After budget cuts, legislative package aims to help disabled


| mhayes@queenscourier.com |

In the wake of a significant budget cut to programs for developmentally disabled people, lawmakers are seeking ways to provide such individuals with more security.

A budget amendment enacted by Governor Andrew Cuomo cut 4.5 percent of state funding for organizations that help disabled individuals live healthy and independent lifestyles. Now, advocates both in and outside of the governor’s administration are fighting for legislation intended to protect the quality of support and services for these individuals.

“This legislative package will work to help remove unnecessary and discriminatory barriers that prevent many people with disabilities from living well-deserved self-reliant lives,” said Assemblymember Phil Goldfeder, chair of the Mental Health Subcommittee on Autism Retention.

One of several bills in the package is the People with Developmental Disabilities Restoration and Reinvestment Act of 2013. It would appropriate up to $90 million to fully restore state funding to services for people with developmental disabilities.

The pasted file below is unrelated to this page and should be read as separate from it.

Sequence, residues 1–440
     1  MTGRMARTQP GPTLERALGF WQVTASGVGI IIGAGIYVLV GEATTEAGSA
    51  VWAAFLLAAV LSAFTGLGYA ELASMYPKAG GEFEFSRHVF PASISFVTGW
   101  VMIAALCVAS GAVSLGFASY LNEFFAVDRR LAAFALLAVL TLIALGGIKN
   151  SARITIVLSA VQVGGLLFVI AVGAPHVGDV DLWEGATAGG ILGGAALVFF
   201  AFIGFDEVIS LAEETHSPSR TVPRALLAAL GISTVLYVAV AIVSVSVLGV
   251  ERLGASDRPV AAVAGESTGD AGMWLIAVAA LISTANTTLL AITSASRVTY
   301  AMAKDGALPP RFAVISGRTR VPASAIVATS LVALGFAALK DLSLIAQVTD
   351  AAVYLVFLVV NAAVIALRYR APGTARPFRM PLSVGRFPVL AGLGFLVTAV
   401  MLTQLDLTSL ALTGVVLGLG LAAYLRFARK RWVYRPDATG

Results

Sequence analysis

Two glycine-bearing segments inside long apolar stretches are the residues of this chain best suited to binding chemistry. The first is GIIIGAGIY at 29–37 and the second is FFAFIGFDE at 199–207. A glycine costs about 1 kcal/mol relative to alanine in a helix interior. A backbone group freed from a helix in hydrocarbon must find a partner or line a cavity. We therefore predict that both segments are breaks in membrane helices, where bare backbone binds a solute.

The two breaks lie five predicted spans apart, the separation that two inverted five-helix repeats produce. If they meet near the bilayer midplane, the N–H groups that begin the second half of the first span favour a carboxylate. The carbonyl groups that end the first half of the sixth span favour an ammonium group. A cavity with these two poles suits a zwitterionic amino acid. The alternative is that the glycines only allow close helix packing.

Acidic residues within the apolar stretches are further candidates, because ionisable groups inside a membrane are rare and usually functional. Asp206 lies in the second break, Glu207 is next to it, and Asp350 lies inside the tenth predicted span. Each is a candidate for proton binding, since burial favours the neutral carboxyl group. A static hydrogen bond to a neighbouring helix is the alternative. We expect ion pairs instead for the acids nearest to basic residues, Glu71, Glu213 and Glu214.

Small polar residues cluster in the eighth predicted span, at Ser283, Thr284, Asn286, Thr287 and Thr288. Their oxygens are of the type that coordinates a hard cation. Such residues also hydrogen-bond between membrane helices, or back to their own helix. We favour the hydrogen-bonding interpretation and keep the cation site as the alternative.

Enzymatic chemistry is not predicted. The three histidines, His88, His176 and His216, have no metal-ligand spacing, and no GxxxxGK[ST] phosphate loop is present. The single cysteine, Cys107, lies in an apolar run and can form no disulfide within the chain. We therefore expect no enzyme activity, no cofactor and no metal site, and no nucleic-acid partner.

The bill would tap savings to implement an agenda focused on services for individuals, community integration and more. The legislature would make up for funds not covered by the savings through a contingency appropriation.

Another bill in the package would amend the state’s Human Rights Law to require state and local government facilities to remove barriers which limit access to transportation or government services and buildings.

An additional bill would establish an advocacy program to advise individuals about their rights and responsibilities. Other bills entail access to sign language interpreters, housing preferences for tenants with limited mobility, eliminating discriminatory practices and more.

“This legislative package will provide the necessary state funding to improve the behavior and growth of individuals with developmental disabilities,” Goldfeder said. “There has been significant progress in achieving mental and physical health parity in New York State.”

The Assembly and the Senate will vote on the package in the coming weeks.

 

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